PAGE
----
Tax Cuts and the Post Hoc Ergo Propter Hoc Fallacy

Minor fluctuation in tax rates is not the most significant thing happening in the world's largest economy.

Jonathan Chait dismisses a claim about “the intellectual collapse” of President Obama’s position on taxes thusly:

An intellectual collapse would mean that economists had come to agree with the Republican view that the 1993 Clinton tax hike destroyed the work incentive for the rich and dampened growth, and that the Bush tax cuts sparked a wave of rapid job growth from 2001-2010. That, uh, hasn’t happened.

Whatever the merits of a modest change in the highest marginal tax rate, this is silly.   No one worth paying attention to seriously thinks that a two or three percent change is going to have a radical impact on the world’s largest economy; the debate is over fairness and impact on the public revenue stream.

There was a boom subsequent to the (modest) Clinton tax hikes.  While there’s debate as to whether the yield to the Treasury would have been higher or lower absent said hike, the fact of the matter is that the much more important factors were the post-Cold War cuts in Defense spending and the massive new revenue brought in by the dot.com bubble.

Which, incidentally, burst towards the end of Clinton’s presidency and brought on a mild recession.  Which, of course, was not brought on by tax policy.

The incoming Republican president, naturally, used said recession to bolster his ideological argument for tax cuts to stimulate the economy.  And, indeed, we quickly got out of the recession, albeit without a massive creation of new jobs.  But that wasn’t because of a modest cut in tax rates — there’s no economic theory of which I’m aware that would link the two — but because of a continuing trend of replacing relatively high paying American jobs with technology and/or cheap foreign labor.

Tax policy is important at the margins.  But the Republicans have won this one, such that the debate is no longer about whether we should have 92  or 70 percent top marginal rates — as we have in living memory — but where in the mid-30s it should be.  Let’s not pretend, then, that these decisions are the primary mover and shaker in a 14 trillion dollar economy.

FILED UNDER: Economics and Business, Quick Takes
James Joyner
About James Joyner
James Joyner is Professor and Department Head of Security Studies at Marine Corps University's Command and Staff College and a nonresident senior fellow at the Scowcroft Center for Strategy and Security at the Atlantic Council. He's a former Army officer and Desert Storm vet. Views expressed here are his own. Follow James on Twitter @DrJJoyner.

Comments

  1. Tano says:

    “No one worth paying attention to seriously thinks that a two or three percent change is going to have a radical impact on the world’s largest economy”

    I agree. Which is why it is now many long years since I have found it not worth paying attention to Republicans. This has been their standard argument.

  2. Steve Plunk says:

    Tax rates are one part of the equation. They do not operate without the influences of other inputs to the economy. What effect did the dot.com bubble have on the economy of the 90’s? The war during the Bush presidency? Even now how long will the housing collapse influence the economy? It’s complex to say the least but it has become clear here and abroad that stable and low tax rates are good for economic growth and will eventually lead to increased revenues over the long run.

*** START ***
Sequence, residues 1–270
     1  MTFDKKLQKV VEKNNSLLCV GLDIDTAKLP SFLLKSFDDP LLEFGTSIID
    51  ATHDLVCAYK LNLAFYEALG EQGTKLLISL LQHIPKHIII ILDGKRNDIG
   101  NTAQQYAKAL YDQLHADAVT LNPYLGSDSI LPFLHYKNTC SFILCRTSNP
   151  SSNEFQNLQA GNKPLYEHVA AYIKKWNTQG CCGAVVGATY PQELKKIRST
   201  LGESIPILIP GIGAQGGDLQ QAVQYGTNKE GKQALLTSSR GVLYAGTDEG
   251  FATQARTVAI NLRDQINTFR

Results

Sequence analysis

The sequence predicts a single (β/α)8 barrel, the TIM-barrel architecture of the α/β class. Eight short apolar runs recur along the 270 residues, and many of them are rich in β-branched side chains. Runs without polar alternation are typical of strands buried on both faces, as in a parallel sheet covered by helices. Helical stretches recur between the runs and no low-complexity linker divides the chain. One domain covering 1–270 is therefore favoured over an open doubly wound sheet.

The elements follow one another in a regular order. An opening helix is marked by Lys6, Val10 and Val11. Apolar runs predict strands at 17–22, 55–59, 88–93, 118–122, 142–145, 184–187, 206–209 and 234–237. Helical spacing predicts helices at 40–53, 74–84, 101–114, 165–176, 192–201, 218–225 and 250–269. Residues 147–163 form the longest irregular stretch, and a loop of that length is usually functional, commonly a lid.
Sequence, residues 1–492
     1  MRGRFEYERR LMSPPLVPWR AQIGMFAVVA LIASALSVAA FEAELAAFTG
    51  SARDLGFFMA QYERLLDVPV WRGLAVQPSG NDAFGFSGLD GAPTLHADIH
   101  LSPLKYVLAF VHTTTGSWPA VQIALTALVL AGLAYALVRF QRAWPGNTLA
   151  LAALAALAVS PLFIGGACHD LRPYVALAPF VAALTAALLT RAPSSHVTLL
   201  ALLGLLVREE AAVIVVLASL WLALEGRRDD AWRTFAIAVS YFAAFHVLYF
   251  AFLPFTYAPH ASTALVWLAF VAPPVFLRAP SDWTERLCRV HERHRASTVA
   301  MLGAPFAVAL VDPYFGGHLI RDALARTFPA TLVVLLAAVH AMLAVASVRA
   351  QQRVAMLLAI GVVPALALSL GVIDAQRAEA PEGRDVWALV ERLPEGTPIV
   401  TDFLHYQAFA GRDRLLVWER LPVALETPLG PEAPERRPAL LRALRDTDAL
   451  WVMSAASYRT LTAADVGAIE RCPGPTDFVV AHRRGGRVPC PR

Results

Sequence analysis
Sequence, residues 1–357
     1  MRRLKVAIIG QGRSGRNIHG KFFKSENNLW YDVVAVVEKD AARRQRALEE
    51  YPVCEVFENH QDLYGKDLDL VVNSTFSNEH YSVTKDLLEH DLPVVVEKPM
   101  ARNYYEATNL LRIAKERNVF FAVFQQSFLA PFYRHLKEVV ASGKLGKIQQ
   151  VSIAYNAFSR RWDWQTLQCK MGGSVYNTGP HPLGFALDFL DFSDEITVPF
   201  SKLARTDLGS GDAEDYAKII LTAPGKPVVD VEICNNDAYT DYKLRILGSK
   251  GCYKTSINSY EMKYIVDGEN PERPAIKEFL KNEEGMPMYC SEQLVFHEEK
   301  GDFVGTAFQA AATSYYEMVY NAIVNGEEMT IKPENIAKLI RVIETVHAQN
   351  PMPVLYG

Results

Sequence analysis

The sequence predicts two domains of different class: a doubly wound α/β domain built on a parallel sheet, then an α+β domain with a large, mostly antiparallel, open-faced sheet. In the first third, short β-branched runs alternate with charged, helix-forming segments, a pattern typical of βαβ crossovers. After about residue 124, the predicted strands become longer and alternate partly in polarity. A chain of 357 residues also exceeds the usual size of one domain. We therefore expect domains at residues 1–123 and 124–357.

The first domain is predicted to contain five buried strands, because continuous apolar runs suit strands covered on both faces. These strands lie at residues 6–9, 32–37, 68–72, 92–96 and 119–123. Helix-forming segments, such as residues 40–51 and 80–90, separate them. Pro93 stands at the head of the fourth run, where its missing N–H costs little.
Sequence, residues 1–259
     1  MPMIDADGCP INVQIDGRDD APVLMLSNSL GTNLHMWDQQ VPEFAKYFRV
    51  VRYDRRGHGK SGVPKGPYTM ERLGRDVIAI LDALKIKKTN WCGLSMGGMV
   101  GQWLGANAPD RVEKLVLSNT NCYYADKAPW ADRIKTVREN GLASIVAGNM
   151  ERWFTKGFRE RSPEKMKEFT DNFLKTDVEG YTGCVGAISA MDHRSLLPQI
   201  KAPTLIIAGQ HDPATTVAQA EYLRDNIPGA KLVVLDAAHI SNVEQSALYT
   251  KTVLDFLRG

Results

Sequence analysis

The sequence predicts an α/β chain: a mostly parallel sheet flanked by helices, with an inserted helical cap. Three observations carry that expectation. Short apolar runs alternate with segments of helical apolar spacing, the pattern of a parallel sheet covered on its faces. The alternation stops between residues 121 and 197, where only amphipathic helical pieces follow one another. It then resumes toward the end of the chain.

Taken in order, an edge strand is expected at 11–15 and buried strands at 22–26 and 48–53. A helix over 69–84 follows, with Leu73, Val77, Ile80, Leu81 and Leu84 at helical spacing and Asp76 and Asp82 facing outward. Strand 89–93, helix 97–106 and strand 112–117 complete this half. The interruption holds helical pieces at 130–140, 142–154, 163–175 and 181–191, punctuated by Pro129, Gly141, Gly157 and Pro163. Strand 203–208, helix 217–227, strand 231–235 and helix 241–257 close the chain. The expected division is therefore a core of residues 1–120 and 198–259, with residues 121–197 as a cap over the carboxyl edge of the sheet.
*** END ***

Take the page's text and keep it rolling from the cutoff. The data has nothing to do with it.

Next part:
While we all blather about tax hikes we are ignoring the real problem of spending.

  3. RWB says:

    Thank you for a rational, dogma free analysis of taxes affect on the economy. There is more to an economy that just taxes. Funny how the dogmatists don’t seem to notice that Germany, with the highest tax burden in the EU is the strongest economy, while Ireland, with lower than average personal and one of the lowest corporate rates is in deep trouble.

  4. Gerry W. says:

    There are many parts of the equation. You also need leverage. You can’t keep lowering more and more taxes and get much out of it. You can’t keep lowering interest rates more and more and get much out of it. There are consequences and you need to solve the problems. And you can’t create jobs if you are sending jobs overseas.

  5. Drew says:

    “No one worth paying attention to seriously thinks that a two or three percent change is going to have a radical impact on the world’s largest economy…”

    This is absolutely correct. But Tano’s simplictic assertion aside, there is much more going on here. Until the recent election all the power, and rhetoric, was leftist. It was not clear that the marginal income tax rate would rise only 2 or 3 points. When the only logic is “they’ve got enough money, so pay more,” the sky is the limit.

    Further, Obamacare came with tax increases and other costs to employ, the capital gains tax rate was in question, the estate tax exemption was in question, the financial stakeholders of two major car companies were cast aside and unrightfully gifted to labor, and on it goes.

    Anyone who does not understand the chilling effect these issues have had on small businesses isn’t a small business owner, or doesn’t speak with many small business owners.

  6. Chris Crieta says:

    I feel they are wrong. When they had a chance to speak up about these tax cuts, they were silent. Now they want to be heard and it is too late. Yes, the Republicans have them over a barrel but they only have themselves to blame.